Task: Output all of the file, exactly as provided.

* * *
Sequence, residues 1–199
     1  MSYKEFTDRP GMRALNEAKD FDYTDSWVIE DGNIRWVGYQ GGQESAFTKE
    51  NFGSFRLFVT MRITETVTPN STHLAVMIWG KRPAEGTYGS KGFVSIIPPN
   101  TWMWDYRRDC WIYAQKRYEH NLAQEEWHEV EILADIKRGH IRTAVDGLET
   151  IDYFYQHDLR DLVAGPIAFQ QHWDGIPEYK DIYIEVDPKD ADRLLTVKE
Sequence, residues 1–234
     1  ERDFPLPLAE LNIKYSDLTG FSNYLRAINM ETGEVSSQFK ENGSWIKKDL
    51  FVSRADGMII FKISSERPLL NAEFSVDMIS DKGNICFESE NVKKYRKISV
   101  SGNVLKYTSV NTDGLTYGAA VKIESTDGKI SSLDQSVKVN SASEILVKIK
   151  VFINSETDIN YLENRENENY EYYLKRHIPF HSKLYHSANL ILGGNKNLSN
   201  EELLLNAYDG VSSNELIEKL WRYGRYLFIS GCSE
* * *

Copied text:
Sequence, residues 1–199
     1  MSYKEFTDRP GMRALNEAKD FDYTDSWVIE DGNIRWVGYQ GGQESAFTKE
    51  NFGSFRLFVT MRITETVTPN STHLAVMIWG KRPAEGTYGS KGFVSIIPPN
   101  TWMWDYRRDC WIYAQKRYEH NLAQEEWHEV EILADIKRGH IRTAVDGLET
   151  IDYFYQHDLR DLVAGPIAFQ QHWDGIPEYK DIYIEVDPKD ADRLLTVKE
Sequence, residues 1–234
     1  ERDFPLPLAE LNIKYSDLTG FSNYLRAINM ETGEVSSQFK ENGSWIKKDL
    51  FVSRADGMII FKISSERPLL NAEFSVDMIS DKGNICFESE NVKKYRKISV
   101  SGNVLKYTSV NTDGLTYGAA VKIESTDGKI SSLDQSVKVN SASEILVKIK
   151  VFINSETDIN YLENRENENY EYYLKRHIPF HSKLYHSANL ILGGNKNLSN
   201  EELLLNAYDG VSSNELIEKL WRYGRYLFIS GCSE